Exactly!! :smile:
 

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A portion of the vet's answer:
Evidence for the risk of feeding raw human-grade meat must be inferred from studies in humans because of the inability to track animal cases. There are numerous cases of well defined, well tracked food poisonings from raw or undercooked meat in the U.S. Perhaps pets are less susceptible to infection from these meat sources but that is not really very likely. If several people die from undercooked hamburgers in Wisconsin, it is pretty likely that a pet or two was affected as well.
Bahaha, I fed Annie a Chicken Leg Quarter for dinner last night that seriously made me gag it stunk sooo bad. She's totally fine. Definitely raw, definitely well on its way to going rancid, I wouldn't have eaten it, even cooked.


One of the biggest flaws in thinking in regards to canine nutrition, is that people (mainly vets) seem to apply the same rules as are found in human nutrition. You just can't do that. We are humans. They are dogs.
 

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I had to butcher a whole turkey that had probably been sitting out a bit too long to thaw. I had a few gagging moments but the dogs loved it. I think the rotten meat has more flavor than fresh or something. The only thing I notice when we feed stinky meats is that the girls tend to get gas but it's not the kind that clears the room LOL
 

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I fed my two furry friends a few very suspect raw chicken feet this morning. I had defrosted a bag of them about a week ago and have been keeping them in the fridge, feeding them here and there since then. Today the last three in the bag were pretty sad looking and when I opened the ziploc bag...whew!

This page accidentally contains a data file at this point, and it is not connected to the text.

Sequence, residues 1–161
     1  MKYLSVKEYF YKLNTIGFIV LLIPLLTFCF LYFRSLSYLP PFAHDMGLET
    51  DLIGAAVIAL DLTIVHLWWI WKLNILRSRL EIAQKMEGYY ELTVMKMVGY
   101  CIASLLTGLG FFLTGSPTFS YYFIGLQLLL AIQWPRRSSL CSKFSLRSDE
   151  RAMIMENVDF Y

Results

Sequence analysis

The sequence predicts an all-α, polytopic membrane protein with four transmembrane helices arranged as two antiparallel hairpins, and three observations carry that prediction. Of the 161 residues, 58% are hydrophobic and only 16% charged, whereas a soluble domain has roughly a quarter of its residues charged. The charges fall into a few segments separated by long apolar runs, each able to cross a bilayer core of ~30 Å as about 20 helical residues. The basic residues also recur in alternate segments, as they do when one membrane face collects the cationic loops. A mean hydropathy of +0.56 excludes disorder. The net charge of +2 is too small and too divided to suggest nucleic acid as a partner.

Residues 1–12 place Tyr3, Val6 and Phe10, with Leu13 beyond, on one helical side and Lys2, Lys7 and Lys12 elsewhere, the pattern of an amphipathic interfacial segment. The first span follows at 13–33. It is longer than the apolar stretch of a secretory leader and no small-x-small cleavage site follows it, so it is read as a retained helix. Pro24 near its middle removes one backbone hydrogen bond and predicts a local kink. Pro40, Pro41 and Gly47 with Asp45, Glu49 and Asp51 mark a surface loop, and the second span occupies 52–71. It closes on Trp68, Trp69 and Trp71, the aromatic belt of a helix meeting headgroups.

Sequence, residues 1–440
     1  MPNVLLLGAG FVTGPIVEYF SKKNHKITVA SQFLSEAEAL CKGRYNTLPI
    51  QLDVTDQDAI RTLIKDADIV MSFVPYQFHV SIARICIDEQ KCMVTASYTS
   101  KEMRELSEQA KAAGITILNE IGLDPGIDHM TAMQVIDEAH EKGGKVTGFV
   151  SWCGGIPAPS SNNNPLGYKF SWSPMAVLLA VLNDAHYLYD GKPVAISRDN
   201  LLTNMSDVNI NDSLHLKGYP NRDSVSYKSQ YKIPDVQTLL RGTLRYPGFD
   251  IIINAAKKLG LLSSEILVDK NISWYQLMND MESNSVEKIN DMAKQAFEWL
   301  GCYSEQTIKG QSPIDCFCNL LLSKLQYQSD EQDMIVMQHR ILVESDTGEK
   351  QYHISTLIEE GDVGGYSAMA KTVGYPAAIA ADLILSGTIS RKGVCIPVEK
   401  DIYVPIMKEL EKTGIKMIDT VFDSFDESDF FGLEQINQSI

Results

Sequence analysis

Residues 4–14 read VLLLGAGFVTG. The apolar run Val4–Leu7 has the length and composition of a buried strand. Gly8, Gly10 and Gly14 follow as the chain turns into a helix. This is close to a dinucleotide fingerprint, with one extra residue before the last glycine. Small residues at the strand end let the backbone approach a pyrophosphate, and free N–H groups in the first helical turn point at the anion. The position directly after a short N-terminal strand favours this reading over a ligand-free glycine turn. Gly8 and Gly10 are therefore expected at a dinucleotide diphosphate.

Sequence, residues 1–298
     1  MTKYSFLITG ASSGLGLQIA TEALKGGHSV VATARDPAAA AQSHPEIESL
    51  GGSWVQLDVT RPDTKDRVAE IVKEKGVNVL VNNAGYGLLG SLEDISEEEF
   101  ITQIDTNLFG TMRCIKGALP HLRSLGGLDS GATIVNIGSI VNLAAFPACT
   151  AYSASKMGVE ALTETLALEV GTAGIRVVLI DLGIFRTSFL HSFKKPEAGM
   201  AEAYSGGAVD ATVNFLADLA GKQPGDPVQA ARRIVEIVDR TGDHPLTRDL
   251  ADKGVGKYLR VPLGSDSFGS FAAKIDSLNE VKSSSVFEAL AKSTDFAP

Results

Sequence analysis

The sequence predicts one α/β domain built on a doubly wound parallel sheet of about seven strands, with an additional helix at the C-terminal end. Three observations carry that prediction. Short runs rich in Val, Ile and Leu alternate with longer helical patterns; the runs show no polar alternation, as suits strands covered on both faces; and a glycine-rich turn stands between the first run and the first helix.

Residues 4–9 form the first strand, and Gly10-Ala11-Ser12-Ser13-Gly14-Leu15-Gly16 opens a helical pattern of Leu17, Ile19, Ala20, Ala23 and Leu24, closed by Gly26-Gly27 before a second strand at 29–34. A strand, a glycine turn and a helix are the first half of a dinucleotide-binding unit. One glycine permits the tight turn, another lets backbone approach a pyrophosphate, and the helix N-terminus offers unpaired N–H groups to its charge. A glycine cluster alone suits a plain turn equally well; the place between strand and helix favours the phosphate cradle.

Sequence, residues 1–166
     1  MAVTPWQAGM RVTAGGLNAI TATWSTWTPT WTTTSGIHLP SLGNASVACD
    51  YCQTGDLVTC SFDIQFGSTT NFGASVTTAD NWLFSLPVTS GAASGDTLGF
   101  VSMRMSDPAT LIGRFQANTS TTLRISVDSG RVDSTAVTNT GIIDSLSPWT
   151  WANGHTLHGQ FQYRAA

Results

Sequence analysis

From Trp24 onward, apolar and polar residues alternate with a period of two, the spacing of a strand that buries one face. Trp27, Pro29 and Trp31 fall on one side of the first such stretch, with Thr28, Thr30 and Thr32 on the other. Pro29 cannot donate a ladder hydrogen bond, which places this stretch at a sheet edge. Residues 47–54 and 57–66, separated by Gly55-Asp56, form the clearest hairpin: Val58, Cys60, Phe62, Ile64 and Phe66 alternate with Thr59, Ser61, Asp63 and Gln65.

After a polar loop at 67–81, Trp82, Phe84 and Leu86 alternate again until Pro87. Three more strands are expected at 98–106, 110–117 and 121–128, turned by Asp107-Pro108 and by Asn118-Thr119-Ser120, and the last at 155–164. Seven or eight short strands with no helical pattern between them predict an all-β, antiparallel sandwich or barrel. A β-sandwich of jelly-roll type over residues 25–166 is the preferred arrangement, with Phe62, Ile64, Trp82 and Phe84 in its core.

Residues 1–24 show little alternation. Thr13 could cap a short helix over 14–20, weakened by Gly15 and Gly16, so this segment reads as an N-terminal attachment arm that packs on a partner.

But I know they can handle it, and as Natalie said, some dogs even seem to prefer it when it's gone a little "bad". No problems, as usual. Not something I generally worry about.
 

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when i was in university, i took ONE three credit course in nutrition. The vet school students took ONE three credit course in nutrition.

Shows how much they know or i knew about nutrition.

The last person i would listen to about dog food and what's okay and what isn't is the traditional vet....the same holds true for a traditional doctor.
 

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Brady gets some "ripe" turkey necks all the time. Wheh I bagged them I put too many in each bag so now that when they thaw the last one is pretty smelly by the time he gets around to eating it. He's never had any issues because of it though. :smile:
 

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I like giving variety to my dogs, so when I pull bags out of the freezer I always pull out 3-5 bags at a time, so you know by the time I get to the bottom of one of those bags it's been sitting for a good week, and boy can you smell it!:eek:

Hasn't bothered the dogs at all, on the other hand "miss prissy pants" the newest addition just wont eat anything unless its up to her standards, and that means a slight smell coming from it.:biggrin: